• Require all schools, including district-run and charter schools, to review data about student academic performance, discipline, and referrals for special education to understand how each school’s black students are doing “on an individual level”
  • Require all schools to set goals for supporting black students that prioritize giving them “access to grade-level and more rigorous coursework”
  • Require school leaders to articulate how they will monitor progress toward their goals
  • Train all district staff on implicit bias and culturally responsive education
  • Conduct an “equity audit” to understand what the district is doing well and what it is not to figure out how it “can better prioritize the success of our black students”

It will now be up to new Superintendent Susana Cordova, who made equity a cornerstone of her bid for the district’s top job, to carry out the directive. The resolution gives her until May 31 to come up with a plan that would go into effect by the start of the next school year.

“We know that we have a painful and inequitable history of outcomes for our students,” Cordova said. “But facing this with courage, facing this in community, facing this with our stakeholders, our parents, our family members, our community members, and our students holding us accountable, I believe deeply in the ability of people to come together to solve these problems.”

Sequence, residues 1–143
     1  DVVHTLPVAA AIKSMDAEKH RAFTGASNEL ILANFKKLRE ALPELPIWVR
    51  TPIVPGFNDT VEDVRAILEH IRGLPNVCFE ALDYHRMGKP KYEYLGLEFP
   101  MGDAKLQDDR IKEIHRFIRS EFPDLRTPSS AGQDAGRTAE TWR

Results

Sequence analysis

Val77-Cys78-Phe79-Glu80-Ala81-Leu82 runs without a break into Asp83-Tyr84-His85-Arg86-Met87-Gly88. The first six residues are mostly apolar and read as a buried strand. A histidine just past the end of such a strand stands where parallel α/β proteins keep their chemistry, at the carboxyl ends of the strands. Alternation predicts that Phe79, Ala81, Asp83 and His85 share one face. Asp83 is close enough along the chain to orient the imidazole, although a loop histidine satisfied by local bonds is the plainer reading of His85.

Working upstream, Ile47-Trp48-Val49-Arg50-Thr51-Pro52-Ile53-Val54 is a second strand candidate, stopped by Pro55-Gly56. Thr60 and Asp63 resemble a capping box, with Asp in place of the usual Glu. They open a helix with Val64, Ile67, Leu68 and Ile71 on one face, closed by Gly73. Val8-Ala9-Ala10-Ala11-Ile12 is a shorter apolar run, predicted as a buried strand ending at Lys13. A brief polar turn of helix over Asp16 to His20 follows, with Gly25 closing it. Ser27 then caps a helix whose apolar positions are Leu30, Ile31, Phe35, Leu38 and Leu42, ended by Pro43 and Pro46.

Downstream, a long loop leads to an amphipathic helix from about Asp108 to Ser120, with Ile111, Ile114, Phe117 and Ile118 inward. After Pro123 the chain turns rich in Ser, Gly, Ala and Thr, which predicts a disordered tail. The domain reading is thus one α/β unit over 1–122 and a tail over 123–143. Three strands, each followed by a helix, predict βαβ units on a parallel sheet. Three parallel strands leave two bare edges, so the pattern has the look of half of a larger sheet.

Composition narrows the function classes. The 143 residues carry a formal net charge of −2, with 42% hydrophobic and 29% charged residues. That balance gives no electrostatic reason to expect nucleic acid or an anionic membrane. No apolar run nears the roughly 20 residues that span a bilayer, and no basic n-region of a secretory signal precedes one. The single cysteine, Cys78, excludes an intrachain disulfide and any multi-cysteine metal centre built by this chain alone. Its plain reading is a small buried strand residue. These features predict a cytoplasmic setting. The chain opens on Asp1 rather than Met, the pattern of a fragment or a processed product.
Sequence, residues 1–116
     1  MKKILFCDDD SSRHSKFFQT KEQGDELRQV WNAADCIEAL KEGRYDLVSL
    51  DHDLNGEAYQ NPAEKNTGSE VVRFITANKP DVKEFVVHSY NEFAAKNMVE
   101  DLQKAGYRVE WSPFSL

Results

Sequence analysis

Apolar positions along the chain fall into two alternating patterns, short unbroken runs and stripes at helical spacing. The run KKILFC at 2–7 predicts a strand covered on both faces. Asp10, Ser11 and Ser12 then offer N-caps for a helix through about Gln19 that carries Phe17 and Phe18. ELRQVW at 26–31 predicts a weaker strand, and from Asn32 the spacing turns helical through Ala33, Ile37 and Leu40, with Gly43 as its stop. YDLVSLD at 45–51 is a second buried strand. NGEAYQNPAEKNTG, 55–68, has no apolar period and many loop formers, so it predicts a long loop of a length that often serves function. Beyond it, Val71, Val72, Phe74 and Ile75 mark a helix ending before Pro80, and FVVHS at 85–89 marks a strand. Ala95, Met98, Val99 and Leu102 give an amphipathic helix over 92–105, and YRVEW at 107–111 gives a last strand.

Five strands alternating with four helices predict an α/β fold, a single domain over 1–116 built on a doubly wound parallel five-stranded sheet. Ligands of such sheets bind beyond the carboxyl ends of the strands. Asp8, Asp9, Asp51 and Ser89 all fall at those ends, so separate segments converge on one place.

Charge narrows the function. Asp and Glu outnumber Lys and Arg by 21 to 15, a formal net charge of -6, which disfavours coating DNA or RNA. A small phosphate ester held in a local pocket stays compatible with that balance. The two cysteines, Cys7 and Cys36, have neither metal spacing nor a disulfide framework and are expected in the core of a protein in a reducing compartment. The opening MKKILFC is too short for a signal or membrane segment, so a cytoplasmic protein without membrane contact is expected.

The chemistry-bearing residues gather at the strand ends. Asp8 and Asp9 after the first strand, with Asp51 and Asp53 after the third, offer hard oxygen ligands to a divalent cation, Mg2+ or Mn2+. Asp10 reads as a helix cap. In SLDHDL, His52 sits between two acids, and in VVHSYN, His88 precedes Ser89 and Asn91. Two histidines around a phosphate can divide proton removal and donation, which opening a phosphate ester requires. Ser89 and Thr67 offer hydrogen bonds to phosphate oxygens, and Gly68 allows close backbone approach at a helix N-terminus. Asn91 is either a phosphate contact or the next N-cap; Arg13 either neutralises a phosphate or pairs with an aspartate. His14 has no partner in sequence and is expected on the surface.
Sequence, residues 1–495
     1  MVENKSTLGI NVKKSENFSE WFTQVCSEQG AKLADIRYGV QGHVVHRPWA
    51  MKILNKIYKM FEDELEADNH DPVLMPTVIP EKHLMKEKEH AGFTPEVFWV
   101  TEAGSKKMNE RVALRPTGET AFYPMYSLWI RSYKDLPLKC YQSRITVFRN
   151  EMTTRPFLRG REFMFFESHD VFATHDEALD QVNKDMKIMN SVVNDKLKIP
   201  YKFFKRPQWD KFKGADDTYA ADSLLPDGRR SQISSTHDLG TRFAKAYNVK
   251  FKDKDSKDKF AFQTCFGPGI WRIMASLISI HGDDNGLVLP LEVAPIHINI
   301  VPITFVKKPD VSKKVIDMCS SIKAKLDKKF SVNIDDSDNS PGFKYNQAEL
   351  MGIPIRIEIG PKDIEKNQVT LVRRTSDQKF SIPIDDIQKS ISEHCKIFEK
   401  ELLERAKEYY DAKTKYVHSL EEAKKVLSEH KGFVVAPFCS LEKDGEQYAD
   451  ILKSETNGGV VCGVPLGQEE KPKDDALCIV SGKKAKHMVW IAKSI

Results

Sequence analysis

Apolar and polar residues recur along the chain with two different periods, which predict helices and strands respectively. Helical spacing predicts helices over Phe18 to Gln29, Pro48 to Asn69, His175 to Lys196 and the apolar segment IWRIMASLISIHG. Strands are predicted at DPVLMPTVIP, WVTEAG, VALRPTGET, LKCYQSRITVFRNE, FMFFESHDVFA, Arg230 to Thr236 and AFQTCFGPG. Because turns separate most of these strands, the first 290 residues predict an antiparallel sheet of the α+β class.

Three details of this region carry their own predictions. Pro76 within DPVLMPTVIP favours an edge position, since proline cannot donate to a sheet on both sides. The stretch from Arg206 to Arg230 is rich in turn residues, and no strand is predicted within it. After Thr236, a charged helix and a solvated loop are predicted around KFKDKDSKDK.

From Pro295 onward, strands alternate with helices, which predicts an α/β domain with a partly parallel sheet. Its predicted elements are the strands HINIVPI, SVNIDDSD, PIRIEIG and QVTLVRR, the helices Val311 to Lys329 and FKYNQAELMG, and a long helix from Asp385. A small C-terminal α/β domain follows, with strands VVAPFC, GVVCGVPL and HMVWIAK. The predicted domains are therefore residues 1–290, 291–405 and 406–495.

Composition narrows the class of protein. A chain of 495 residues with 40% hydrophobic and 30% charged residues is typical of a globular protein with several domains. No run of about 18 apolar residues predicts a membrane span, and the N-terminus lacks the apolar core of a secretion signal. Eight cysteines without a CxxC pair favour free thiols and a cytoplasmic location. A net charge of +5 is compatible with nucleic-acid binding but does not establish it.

making the rounds

Tennessee’s new education chief ‘very confident’ that online testing will be smooth in April

PHOTO: Shelby County Schools
Tennessee's new education commissioner Penny Schwinn (second from left) met with Douglass High School students and Shelby County Schools leaders Friday.

As Tennessee’s new education commissioner wrapped up her second week on the job by visiting four schools in Shelby County, Penny Schwinn said she feels “very confident” the state has learned from its mistakes in online testing.

During the more than three-hour ride to Memphis on Friday, Schwinn said she continued to pore over documents showing evidence that the corrections the state department staff have put in place will work.

“I feel very confident that our team has looked into that,” she told reporters in a press conference after meeting with students. “They’re working with the vendor to ensure that testing is as smooth as possible this year.” Currently the state is working with Questar, who administered TNReady online last year.